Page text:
How to increase MRR in your company?

Many efforts can be directed to increase the company’s MRR.

Inbound marketing campaigns are low-cost ways to drive more lead generation.

But this is not always something that improves commercial results in the short and medium term.

If there is a need for an immediate increase, it is necessary to act more incisively. And be clearer in the solutions taken.

Even if you prospect better, often the values ​​that come in fall short of expectations. Or distant from what is needed for the month.

Therefore, we separate 3 days on how to increase the amount received monthly with subscriptions.

Before we get into it, remember: with more clients, there are more responsibilities.

You need to have well-structured processes to avoid dissatisfaction and, consequently, always have people happy with your brand.

Let’s go to tips.

 

1 . Swap the free plan for the trial

The first step you can take is to stop offering a free subscription or plan.

Keeping it can be dangerous, as people can “get things done”.

They can adapt to the free plan and complement its use with some other external tool, for example.

If the idea is to attract customers by giving them part of the access to your service, why not adapt this strategy?

A good way out of this is to stipulate a trial period. And then it is not necessary to make part of the solution available (but if you want to do that, no problem).

In this test period, it leaves all the functionalities on display, available. But only for 15 days or one month whatever you will know this period better than anyone else.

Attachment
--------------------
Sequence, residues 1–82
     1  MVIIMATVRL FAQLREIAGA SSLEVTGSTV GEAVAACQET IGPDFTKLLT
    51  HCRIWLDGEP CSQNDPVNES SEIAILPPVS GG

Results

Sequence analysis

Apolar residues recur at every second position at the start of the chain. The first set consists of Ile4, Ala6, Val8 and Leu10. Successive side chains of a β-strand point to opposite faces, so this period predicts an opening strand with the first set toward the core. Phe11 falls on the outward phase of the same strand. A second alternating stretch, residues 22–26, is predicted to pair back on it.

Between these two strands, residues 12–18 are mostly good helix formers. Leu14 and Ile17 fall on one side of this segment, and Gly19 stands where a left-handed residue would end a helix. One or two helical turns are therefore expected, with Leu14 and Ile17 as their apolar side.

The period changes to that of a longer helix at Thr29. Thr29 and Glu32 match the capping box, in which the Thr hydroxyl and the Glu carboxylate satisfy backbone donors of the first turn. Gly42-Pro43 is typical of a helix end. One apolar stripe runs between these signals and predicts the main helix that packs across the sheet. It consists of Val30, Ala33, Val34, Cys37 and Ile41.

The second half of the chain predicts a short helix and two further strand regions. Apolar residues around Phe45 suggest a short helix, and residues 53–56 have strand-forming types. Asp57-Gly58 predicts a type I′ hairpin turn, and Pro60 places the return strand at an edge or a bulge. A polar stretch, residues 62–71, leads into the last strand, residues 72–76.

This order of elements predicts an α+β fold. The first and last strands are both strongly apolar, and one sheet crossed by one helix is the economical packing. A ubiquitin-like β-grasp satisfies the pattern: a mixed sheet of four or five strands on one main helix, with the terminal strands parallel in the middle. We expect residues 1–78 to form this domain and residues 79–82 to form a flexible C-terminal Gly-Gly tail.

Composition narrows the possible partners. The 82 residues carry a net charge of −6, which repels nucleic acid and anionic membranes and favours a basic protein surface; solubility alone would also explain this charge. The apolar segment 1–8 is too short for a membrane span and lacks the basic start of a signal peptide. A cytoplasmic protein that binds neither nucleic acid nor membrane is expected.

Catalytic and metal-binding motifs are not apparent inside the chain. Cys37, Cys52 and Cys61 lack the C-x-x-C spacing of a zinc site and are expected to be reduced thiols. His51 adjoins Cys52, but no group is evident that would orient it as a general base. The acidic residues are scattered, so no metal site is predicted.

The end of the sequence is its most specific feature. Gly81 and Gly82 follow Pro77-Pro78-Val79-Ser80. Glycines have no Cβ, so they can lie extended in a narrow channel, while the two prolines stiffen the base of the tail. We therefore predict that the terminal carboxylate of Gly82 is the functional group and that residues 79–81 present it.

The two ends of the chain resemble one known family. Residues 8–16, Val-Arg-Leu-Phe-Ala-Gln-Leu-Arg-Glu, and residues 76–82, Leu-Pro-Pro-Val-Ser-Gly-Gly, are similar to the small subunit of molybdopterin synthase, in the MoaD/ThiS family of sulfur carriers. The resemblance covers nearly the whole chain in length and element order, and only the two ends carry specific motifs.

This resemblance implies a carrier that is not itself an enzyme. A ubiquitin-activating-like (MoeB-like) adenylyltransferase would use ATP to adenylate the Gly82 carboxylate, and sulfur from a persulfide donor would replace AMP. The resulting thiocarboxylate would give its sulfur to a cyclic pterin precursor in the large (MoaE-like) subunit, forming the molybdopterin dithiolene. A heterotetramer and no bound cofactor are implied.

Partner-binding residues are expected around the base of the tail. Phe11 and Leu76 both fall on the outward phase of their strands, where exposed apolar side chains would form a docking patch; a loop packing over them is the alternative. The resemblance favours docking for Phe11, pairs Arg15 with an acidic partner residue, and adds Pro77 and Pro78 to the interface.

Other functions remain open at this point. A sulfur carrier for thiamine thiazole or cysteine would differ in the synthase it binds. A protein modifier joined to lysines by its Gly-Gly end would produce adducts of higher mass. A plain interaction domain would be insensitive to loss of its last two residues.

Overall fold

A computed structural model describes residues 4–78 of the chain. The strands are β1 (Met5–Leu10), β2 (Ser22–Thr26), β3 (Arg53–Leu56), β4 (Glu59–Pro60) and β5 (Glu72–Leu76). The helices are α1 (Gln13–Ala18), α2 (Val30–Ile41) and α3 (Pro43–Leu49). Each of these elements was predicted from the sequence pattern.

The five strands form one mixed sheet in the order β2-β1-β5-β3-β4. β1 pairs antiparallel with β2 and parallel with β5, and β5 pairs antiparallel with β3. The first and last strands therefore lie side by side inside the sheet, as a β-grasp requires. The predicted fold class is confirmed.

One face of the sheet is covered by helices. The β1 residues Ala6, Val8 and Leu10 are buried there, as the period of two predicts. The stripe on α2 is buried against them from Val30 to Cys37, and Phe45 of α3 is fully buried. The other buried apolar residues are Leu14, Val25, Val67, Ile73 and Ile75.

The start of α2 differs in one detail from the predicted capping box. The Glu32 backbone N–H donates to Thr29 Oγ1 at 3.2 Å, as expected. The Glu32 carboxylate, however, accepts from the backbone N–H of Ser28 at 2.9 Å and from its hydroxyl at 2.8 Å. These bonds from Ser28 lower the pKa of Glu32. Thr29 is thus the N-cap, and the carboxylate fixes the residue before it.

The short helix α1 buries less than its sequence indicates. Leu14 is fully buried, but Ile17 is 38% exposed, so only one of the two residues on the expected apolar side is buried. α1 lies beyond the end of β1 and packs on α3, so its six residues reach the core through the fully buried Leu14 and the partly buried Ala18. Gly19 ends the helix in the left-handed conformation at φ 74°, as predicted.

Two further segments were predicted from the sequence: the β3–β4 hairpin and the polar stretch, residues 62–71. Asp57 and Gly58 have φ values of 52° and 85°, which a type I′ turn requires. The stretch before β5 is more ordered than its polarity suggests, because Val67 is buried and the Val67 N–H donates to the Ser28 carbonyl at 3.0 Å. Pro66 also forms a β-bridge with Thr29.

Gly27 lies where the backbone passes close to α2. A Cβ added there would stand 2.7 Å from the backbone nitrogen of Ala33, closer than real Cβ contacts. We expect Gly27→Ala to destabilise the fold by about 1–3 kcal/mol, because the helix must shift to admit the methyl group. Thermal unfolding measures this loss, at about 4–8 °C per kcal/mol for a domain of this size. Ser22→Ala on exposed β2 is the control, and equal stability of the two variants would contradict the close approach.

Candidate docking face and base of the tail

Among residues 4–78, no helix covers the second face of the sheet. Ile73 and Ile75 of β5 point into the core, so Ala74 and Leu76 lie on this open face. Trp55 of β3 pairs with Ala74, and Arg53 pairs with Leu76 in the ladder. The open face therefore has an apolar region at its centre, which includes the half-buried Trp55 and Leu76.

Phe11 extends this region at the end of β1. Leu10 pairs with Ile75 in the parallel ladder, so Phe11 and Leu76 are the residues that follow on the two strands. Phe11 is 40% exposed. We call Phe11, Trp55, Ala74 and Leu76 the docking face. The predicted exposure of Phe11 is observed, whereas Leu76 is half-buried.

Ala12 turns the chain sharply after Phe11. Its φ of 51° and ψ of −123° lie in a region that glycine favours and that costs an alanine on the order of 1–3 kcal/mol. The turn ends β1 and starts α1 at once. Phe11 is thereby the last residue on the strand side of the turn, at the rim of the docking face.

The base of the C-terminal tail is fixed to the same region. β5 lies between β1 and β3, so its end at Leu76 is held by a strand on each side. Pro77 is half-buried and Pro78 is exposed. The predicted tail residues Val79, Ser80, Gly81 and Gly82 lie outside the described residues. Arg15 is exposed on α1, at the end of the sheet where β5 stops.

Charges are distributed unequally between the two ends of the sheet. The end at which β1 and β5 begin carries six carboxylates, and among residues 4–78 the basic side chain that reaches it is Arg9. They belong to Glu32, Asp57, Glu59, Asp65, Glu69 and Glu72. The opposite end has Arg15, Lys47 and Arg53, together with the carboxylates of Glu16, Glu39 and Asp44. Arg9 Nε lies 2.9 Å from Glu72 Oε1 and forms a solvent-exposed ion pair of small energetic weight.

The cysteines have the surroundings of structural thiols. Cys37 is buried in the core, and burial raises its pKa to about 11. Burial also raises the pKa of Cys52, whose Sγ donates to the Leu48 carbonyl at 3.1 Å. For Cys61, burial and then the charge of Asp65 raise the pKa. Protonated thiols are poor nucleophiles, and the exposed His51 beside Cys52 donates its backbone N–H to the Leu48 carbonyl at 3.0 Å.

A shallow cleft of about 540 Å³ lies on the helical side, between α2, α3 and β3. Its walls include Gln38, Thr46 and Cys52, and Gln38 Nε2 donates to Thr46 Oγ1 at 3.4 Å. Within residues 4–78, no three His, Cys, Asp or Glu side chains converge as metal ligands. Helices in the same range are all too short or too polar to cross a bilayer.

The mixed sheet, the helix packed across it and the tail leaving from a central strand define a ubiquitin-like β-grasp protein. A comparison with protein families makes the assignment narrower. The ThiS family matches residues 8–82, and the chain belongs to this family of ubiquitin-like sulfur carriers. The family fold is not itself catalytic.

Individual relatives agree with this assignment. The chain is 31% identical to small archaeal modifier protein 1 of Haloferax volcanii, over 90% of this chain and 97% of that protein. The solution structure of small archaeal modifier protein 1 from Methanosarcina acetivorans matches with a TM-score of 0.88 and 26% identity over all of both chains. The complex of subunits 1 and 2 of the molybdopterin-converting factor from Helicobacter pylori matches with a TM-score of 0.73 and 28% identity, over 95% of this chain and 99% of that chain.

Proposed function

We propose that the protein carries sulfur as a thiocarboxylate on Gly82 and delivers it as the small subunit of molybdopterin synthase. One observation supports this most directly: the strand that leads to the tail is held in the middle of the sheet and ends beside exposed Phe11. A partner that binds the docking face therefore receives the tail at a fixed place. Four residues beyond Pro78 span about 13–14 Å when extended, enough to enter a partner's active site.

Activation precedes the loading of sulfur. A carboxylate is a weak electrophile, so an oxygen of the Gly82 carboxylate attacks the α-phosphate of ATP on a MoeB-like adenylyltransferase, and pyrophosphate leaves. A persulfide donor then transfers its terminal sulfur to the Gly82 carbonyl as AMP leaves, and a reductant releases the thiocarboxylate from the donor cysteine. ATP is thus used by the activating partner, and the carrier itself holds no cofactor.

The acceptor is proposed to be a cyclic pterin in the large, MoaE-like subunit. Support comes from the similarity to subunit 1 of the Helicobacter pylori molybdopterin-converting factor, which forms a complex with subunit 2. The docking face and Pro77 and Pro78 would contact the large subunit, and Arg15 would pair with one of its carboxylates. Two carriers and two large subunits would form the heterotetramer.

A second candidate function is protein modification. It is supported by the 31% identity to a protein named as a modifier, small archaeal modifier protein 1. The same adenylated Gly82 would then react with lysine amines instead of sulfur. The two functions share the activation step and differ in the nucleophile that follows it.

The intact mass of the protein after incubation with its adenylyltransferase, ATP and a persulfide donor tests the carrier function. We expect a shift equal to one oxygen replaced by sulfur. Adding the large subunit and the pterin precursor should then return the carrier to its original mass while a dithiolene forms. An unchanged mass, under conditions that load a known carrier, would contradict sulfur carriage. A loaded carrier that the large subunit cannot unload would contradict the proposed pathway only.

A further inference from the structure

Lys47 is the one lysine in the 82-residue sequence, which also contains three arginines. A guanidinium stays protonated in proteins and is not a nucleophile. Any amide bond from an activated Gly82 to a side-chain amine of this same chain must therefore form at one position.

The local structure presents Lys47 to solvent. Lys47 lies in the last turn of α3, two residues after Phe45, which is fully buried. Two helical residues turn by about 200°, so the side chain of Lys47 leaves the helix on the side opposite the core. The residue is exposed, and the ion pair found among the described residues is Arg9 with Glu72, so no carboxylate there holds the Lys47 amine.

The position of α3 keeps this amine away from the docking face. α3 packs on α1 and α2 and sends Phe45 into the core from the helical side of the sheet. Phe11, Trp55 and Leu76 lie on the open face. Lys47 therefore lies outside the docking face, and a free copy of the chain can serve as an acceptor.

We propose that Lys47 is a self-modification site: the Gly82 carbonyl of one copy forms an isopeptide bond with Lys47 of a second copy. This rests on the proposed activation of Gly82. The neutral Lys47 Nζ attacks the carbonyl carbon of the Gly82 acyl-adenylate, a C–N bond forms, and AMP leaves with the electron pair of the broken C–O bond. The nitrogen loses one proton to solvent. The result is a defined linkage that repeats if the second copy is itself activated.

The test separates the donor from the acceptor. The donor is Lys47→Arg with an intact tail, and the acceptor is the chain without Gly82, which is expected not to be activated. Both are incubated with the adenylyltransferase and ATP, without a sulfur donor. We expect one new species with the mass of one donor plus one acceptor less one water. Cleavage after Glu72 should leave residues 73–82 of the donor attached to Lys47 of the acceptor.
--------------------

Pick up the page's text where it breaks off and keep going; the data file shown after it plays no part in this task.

During that time, build relationships with that prospect.

That is, send emails showing how the solution works. Share success stories. Show videos of the features in practice.

And start awakening in him a sense of urgency from the funneling time he has on trial.

If the experience is positive. If it is nourished with information that is worth signing, the sale will be that much closer.

Put the SDR in touch with this lead when the trial is over. Take questions with him and, in case of positive feedback, put the seller in contact with him.

More than that, shows that payment is facilitated. Hand him a discount code if it makes sense if the deal is stuck.

This makes much more sense than having users enjoy, for free, what took so much work to develop.

 

2 . Raise the price of what the company sells

It may seem like a lazy strategy to simply push the price higher. But, evaluating the context, the market, the competition, and the business persona, it can make sense, yes.